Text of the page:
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Illinois, the Railroads, and the Civil War

Erin Burns
Brookwood Junior High School, Glenwood

The expansion of railroads in the North played a major part in the North's defeat of the South in the Civil War. Railroads were still in their early stage when the Civil War began. "The oldest lines in the United States had been operating a little more than thirty years, and on many of the roads, the new iron rails were scarcely rusted and the hastily laid ties were still green," according to railroad historian Robert Sutton.

The 1850s saw great railroad expansion in the North. Almost half of the 30,000 miles had been

The railroad played a significant role in the Civil War. The industrialized
North had the advantage, with many more miles of laid track available
for shipping supplies and transporting soldiers to the front.

Train on Trestle


Rail yard
The United States government relied on the railroad to move soldiers and supplies. While
civilians also traveled by rail, government business was often given priority during the war.

built in the North. Ohio, Indiana, and Illinois were the states with the most mileage. In 1850 the first Federal Land Grant Act was responsible for the building of the Illinois Central Railroad. Illinois at the start of the decade had only one hundred miles of lines in service. Most of it consisted of two main roads. One was the Northern Cross which connected Springfield with the Illinois River. The other was the Galena Railroad, and the Chicago Union Railroad which ran west of Chicago.

The northern armies depended on the railroads a great deal. Combined with the telegraph, railroads made communication and transportation of goods fast and more reliable. The soldiers relied on trains for their food, their clothes, and other daily living materials. War supplies, such as guns, swords, cannons, bullets, and horses, were also carried to battle areas by the railroads. Between April 1861 and the end of the year, the Illinois Central Railroad moved 75,000 troops. The railroads did not charge to carry soldiers and supplies. The only pay received from the government was for the use of the locomotives and cars.

The attack of Fort Sumter, which started the war, and President Abraham Lincoln's call tor 75,000 volunteers, caused the rapid growth of the Illinois Central and forced it to become of vital importance to the North. The federal government, assisted by the state of Illinois and the Illinois Central Railroad, moved swiftly to protect Cairo, Illinois. Secretary of War Simon Cameron telegraphed Governor Richard Yates on April 19, 1861, urging him to send troops and supplies to Cairo as soon as possible. General Richard K. Swift arranged for extra equipment and troops to be shipped by the Illinois Central Railroad. Throughout the war, with the support from the Illinois Central Railroad, Cairo, Illinois, served as a major Union stronghold.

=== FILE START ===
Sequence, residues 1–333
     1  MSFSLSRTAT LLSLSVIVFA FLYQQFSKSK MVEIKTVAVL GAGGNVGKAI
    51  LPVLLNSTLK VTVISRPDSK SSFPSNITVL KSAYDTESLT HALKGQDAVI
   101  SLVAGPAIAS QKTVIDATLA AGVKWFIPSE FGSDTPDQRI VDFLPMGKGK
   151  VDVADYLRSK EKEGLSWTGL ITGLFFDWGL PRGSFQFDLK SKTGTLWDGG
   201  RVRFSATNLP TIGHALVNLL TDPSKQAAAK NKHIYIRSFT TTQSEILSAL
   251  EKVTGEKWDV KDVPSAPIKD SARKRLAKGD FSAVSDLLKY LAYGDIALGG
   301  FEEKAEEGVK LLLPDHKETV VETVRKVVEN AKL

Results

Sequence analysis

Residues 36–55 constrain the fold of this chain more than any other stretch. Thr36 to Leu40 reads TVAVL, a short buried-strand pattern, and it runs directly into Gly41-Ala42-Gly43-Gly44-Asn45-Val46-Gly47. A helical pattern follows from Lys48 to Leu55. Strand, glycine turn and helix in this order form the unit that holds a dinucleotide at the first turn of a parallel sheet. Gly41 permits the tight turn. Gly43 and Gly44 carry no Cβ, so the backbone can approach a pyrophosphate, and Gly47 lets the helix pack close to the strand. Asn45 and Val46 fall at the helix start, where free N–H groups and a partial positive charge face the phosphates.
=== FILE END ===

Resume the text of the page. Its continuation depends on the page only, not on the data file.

"Workmen on the railroads complained that keeping the roads repaired was a task for Hercules," according to Sutton. The railroad tracks and cars constantly needed repair. The railroads forced major problems when the Union army ventured into Confederate army territory. The Confederate troops destroyed the tracks. It the rails were simply bent, however, they could be reshaped and reused. As the war progressed, the Union army began putting spiral twists into the rails of the southern railroads. This made the tracks unusable. The track could be sent to a "rolling mill" to be straightened, but the South had very few of these mills.

Rail travel was an adventure for everyone throughout the war. There were many accidents along the routes. For example, as historian William Davis recorded, when a division of Confederate soldiers was bound by rail to Meridian, Mississippi, in September 1862, a car jumped the worn track. Colonel Thomas Hunt, recovering from a wound, leapt from his car to the ground. Officers and enlisted men followed. When the train stopped, soldiers looked back to see a line of strewn comrades. It must have been a terrible sight.

The Illinois Central Railroad was surely the most prominent Illinois railroad before the Civil War. However, ten other routes appeared in the Prairie State in the 1850s. As a consequence, Illinois had one of the finest transportation systems of any state, wrote Sutton.

Railroads played a significant and vital role in the outcome of the Civil War. It is possible that if the North had not had the railroad advantage, the South might have been unconquerable.[From Bruce Catton, The Civil War; William C. Davis, The Fighting Men of the Civil War; David Donald, The Civil War and Reconstruction; Phillip Shaw Paludan, A People's Contest; Peter J. Parish, The American Civil War; Robert M. Sutton, Illinois Civil War Sketches, Illinois Railroads in the Civil War.]


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